Two caveats on ZVols: NFS mounting and sharing

  1. Do NFS serving from one VM: You cannot nfs mount a zvol partition via the truenas GUI. While this is technically easy to do from the bash command line, it requires the volmode of the ZVol to be set to full which is not supported and will cause problems (as I found out). Instead always use a VM to mount a Zvol partition and NFS serve from the ZVol. You cannot use the NFS sharing in the truenas GUI for ZVols since TrueNAS never wants to look inside the ZVol (even though it technically can).
  2. Never mount the same ZVol on >1 VM at any given time (even though you can) unless you are running software that is designed to do this (e.g., they write on different partitions of the same ZVol so they aren’t stepping on each other). Never share Zvols if more than one VM can mount the ZVol at any time. You can configure your VM to have these mount points and TrueNAS will allow you to run multiple VMs connected to the same Zvol (which it should so that is good), but it’s a really bad idea, even only one of them mounts it rw. The readers can totally get confused because the readers always assume they have exclusive access to the partition. So when you do this you should have a good reason like VM #1 is mounting p1 and the other VM is mounting p2 of the same ZVol, and none of them is trying to repartition the ZVol.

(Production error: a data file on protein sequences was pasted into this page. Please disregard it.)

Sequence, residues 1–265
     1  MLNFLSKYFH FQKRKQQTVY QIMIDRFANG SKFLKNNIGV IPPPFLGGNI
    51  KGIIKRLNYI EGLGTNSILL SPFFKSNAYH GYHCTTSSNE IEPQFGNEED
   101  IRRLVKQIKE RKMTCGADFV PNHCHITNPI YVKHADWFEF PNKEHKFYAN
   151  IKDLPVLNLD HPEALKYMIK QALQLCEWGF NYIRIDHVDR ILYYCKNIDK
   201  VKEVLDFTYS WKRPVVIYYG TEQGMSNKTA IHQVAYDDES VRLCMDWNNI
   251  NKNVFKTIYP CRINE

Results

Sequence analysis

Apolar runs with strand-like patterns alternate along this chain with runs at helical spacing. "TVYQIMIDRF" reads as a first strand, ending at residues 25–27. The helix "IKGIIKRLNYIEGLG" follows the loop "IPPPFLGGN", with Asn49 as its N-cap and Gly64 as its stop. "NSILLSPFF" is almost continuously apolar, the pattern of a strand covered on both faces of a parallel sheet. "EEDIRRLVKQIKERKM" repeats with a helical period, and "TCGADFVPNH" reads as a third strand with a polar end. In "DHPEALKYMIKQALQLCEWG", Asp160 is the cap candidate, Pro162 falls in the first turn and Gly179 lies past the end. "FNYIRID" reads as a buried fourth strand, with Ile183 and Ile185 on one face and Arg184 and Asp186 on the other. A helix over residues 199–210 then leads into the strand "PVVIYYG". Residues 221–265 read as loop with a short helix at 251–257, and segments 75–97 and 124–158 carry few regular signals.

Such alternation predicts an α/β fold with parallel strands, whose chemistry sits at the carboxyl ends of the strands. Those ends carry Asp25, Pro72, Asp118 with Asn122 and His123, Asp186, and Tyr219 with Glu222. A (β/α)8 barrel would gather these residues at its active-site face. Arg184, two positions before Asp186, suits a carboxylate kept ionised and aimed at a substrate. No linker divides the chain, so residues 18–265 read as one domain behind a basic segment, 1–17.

Did I miss anything else that is big? I think those were the two key lessons for me as I explored the world of ZVols.